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Economy

Youth group puts their Kibera neighbourhood on digital map

Nairobi’s Kibera slums. Non-governmental organisations,  private and public companies can ascertain  what  services are  required in the informal settlement  through a new digital map created  with the help of youths in the area.  Anthony Kamau
Nairobi’s Kibera slums. Non-governmental organisations, private and public companies can ascertain what services are required in the informal settlement through a new digital map created with the help of youths in the area. Anthony Kamau 

In early November, a group of explorers set out to map a blank space in Africa’s map. Twelve youths armed with global positioning system (GPS) devices made the rounds of the Nairobi slum of Kibera.

The teens are working with an organisation called OpenStreetMap to create a public map of their neighbourhood, seven kilometres southwest of the city centre. It is the second-largest informal settlement in Africa, after South Africa’s Soweto township.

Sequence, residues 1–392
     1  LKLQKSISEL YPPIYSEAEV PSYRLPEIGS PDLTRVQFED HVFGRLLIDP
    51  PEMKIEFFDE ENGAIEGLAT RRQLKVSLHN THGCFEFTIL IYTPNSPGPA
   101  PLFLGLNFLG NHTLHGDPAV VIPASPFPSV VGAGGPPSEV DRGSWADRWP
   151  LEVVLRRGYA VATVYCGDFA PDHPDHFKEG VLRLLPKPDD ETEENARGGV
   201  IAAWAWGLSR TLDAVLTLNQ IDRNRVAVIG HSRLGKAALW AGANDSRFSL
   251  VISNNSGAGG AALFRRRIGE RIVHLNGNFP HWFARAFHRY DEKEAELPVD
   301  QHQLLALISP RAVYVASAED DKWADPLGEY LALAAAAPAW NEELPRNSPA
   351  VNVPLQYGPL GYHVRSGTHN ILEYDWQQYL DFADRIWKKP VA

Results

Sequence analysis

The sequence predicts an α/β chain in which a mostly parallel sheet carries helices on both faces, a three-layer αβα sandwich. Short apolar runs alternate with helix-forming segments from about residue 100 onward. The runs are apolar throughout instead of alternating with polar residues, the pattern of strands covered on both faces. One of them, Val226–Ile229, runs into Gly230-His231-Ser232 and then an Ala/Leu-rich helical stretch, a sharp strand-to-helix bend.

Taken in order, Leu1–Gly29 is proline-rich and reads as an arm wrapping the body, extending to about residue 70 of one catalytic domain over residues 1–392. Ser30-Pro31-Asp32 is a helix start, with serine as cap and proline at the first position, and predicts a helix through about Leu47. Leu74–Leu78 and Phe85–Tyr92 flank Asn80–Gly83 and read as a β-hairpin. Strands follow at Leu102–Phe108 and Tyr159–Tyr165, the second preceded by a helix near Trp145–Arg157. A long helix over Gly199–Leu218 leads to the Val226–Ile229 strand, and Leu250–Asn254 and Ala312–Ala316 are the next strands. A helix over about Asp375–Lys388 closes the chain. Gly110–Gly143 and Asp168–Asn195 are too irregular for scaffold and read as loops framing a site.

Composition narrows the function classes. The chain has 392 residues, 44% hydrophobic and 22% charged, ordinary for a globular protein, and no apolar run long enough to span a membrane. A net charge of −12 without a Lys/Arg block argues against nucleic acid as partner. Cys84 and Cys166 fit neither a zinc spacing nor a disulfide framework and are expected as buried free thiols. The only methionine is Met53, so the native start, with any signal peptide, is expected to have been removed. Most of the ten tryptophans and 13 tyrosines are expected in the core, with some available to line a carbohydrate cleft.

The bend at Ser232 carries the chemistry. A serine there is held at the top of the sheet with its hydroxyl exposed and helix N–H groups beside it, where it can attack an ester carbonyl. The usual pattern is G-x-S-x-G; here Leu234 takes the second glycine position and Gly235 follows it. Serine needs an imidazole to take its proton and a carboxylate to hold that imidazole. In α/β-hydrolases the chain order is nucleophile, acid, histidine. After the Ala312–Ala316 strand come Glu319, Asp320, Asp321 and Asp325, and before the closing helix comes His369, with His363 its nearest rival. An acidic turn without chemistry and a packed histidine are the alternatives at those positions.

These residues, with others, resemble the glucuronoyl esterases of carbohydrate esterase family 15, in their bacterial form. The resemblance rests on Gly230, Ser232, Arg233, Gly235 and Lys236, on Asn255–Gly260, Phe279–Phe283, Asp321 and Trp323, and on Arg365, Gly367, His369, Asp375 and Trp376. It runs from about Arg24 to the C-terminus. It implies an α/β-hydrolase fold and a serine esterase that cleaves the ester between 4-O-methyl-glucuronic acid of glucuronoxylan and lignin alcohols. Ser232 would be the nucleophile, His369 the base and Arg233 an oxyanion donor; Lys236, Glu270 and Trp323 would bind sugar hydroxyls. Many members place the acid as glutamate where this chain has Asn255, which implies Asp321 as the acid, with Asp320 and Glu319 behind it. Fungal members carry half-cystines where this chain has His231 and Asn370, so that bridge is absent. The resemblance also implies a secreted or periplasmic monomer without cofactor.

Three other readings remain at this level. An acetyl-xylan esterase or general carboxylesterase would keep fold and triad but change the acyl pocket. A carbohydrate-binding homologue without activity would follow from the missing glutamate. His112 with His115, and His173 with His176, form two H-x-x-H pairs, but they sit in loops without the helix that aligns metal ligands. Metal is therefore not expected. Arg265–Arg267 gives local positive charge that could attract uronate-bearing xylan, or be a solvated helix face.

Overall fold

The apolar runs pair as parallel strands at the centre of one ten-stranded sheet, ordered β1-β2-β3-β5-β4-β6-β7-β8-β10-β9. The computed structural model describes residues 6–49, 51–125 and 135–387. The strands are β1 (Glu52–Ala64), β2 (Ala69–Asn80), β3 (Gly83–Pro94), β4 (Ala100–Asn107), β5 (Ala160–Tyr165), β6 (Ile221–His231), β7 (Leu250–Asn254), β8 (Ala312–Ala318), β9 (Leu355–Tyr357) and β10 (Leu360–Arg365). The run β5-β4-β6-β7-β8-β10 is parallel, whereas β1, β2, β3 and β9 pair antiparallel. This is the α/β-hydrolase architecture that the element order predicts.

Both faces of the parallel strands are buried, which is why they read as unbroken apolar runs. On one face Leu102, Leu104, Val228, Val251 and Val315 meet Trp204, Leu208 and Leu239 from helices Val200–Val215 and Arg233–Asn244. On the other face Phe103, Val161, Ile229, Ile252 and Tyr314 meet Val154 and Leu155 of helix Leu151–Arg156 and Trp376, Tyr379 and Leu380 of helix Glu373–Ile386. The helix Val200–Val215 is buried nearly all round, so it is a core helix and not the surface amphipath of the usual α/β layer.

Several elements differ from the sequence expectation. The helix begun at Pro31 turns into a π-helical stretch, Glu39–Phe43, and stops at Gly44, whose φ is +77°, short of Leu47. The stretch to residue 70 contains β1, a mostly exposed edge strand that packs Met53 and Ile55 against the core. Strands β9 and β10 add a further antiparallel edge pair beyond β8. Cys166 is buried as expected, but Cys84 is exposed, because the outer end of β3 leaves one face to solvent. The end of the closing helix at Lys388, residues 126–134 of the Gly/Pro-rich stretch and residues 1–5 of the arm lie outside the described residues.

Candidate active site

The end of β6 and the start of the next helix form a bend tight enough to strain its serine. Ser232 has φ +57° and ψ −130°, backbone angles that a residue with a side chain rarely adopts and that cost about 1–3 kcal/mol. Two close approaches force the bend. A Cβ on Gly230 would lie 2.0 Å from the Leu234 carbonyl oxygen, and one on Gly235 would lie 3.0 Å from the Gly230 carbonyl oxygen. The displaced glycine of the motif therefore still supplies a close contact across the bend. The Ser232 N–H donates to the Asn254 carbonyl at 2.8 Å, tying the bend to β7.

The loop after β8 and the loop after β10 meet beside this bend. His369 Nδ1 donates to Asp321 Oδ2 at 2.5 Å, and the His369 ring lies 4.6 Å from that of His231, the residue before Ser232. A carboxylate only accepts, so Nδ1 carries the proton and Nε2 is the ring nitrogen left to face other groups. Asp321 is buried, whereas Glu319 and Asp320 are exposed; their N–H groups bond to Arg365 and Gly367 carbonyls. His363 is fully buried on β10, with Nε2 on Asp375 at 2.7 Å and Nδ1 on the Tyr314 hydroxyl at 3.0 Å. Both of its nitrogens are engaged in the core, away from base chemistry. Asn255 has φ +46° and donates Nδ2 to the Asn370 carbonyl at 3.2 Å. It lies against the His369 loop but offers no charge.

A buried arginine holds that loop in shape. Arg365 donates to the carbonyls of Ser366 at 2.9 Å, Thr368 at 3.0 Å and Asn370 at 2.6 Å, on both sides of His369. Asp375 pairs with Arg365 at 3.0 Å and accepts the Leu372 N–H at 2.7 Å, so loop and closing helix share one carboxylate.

UN-HABITAT estimates its population at 500,000 to 700,000, with a density of more than 2,000 people per hectare. The settlement is divided into 10 villages, Lindi, Soweto (East and West), Makina, Kianda, Mashimoni, Gatuikira, Kisumu Ndogo, Laini Saba and Siranga.

Despite being home to about one million in a densely populated area, Kibera remains a blank spot in Kenya’s map. The area lacks basic services like toilets and running water.